The repeal of taxes on beer, wine and soda to fund the Dirigo Health program leaves lawmakers with the difficult task of keeping the controversial program afloat. They should focus their efforts on capturing savings and reducing costs, while not losing sight of the fact that Dirigo is more than a subsidized insurance program.
Although the insurance component of Dirigo gets the most attention, the program also includes a statewide health plan that emphasizes preventive measures to improve the health of Mainers, thereby reducing medical expenses. The Maine Quality Forum and Advisory Council on Health System Development aim to pinpoint why health care costs are rising and to improve quality by allowing people to compare the costs and outcomes of procedures at hospitals across the state.
Dirigo has been funded by a so-called savings offset payment. The SOP is a calculation of the health care savings resulting from Dirigo reforms, which included quality improvements and cost reductions. The savings are primarily used to extend health care policies to those without insurance.
This year, the Dirigo board said the SOP was $149.6 million; the superintendent of insurance reduced it to $48.7 million, still important savings.
From the beginning, the SOP has been challenged. The Maine State Chamber of Commerce, which sought to repeal the beverage taxes, filed additional legal challenges to the SOP during the recent referendum campaign. Although the payment has been upheld by the courts, calculating and defending the SOP costs the state between $3 million and $5 million a year.
That’s why lawmakers looked for new ways to fund Dirigo and settled on the tax on soda, beer and wine. In addition, a 1.8 percent surcharge was to be assessed on all insurance claims. The surcharge and beverage tax also were meant to pay for other health insurance reforms aimed at bringing more people, especially young people, into the market to encourage additional companies to sell health insurance in Maine and to reduce costs.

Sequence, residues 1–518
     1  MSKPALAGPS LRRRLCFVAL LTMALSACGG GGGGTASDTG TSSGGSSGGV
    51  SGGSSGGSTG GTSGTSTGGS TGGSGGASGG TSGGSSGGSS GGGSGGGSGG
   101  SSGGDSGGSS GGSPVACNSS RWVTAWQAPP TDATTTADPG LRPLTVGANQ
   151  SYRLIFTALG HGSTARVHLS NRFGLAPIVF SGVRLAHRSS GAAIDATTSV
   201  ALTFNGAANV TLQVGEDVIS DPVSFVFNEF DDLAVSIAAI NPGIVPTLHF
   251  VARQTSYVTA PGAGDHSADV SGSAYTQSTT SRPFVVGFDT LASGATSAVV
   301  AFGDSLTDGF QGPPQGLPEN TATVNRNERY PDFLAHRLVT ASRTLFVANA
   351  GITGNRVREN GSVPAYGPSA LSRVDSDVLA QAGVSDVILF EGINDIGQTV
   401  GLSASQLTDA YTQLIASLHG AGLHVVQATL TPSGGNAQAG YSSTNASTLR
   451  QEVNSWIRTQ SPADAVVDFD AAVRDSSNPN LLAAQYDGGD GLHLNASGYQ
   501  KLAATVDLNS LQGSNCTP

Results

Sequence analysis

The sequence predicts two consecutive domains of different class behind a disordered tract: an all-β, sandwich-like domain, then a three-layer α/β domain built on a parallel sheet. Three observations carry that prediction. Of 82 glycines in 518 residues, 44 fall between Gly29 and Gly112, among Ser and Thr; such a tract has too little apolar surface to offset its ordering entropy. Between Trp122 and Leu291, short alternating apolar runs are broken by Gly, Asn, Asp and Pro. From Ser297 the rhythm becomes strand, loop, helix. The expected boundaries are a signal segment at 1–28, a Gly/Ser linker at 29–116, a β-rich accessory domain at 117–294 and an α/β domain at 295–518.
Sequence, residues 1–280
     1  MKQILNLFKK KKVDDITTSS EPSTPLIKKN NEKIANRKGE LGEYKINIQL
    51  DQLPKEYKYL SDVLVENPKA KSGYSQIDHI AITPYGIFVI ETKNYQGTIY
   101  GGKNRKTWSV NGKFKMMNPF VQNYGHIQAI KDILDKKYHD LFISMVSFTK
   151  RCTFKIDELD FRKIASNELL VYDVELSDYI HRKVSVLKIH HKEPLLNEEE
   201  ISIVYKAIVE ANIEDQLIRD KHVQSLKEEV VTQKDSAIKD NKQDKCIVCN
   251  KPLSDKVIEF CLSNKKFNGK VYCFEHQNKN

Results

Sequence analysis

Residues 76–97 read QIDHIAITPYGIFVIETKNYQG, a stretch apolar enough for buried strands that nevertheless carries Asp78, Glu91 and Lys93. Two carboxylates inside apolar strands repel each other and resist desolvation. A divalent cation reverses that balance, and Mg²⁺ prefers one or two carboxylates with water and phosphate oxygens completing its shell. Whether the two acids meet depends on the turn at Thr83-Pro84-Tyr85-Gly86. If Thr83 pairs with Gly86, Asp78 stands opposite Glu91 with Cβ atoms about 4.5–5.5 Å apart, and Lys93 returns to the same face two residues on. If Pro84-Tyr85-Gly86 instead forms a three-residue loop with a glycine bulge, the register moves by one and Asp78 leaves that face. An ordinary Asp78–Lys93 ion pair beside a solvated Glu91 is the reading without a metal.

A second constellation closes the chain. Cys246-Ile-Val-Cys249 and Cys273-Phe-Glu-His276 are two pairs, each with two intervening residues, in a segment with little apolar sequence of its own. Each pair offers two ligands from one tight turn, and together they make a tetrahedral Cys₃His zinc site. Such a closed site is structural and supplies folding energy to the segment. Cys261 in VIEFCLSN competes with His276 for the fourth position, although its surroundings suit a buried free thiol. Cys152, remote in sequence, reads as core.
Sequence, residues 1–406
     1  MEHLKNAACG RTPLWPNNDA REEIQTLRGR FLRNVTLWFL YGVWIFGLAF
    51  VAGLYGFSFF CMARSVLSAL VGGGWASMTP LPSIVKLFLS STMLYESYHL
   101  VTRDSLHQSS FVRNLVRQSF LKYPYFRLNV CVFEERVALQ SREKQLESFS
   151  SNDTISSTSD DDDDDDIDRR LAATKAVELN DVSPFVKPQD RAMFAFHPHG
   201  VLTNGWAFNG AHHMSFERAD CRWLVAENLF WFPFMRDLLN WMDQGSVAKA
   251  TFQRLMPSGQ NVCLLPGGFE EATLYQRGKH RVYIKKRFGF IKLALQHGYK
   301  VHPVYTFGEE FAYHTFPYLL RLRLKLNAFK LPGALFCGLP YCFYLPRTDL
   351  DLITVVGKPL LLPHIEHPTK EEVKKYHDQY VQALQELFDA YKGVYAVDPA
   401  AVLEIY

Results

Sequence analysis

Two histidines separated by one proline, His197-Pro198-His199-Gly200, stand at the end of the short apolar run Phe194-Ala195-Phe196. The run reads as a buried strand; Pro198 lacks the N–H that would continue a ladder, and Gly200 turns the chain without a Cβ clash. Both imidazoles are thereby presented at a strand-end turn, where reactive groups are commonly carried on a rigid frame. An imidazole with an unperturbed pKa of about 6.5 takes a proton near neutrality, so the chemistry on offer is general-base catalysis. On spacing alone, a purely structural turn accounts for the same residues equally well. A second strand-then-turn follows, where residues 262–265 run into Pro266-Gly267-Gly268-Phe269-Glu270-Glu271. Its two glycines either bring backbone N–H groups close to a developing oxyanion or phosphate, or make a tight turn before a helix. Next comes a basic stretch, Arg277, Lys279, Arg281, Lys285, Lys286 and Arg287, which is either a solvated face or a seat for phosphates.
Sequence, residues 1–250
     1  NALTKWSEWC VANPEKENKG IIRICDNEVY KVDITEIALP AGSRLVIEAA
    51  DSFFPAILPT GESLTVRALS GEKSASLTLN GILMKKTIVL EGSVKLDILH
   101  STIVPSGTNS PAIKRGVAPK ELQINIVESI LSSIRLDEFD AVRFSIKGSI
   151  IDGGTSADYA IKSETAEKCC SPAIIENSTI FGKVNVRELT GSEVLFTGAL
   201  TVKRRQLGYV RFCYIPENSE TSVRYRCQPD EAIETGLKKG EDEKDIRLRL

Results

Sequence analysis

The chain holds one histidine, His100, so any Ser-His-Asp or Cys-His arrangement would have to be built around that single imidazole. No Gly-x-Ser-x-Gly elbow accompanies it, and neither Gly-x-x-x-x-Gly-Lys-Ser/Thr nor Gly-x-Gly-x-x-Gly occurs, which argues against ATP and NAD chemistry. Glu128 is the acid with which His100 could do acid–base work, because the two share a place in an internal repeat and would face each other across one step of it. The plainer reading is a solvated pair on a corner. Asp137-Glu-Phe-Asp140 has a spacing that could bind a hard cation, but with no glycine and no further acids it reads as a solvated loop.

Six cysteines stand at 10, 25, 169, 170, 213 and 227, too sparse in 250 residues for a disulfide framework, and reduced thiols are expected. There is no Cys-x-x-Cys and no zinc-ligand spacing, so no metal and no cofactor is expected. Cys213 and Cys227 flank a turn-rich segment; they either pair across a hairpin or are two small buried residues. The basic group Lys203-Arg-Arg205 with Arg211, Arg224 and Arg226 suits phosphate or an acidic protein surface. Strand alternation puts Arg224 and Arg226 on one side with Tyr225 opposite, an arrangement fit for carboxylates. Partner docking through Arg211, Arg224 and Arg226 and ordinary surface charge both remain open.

With the repeal of the taxes on Election Day, these reforms remain but the new funding source is gone and the SOP remains on shaky ground.
Gov. John Baldacci has said he will ask the Obama administration for a waiver to allow Medicaid funds to partially fund the program. Such a request has been turned down in the past.
Given that the state has diminished financial resources — lawmakers soon will begin to look for ways to trim at least $500 million from the budget — changes to Dirigo may be inevitable. Giving up the idea of using savings to pay for expanded insurance and other reforms should not be.
The first step, which is part of the Dirigo program, is to examine medical costs directly to bring them down. Requiring hospitals and medical practices, for example, to report all their capital expenditures, not just the quarter that require state approval, would open a new avenue for examining spending and priorities.
The coming legislative session will be dominated by cutting costs. When it comes to health care, Dirigo is part of the solution.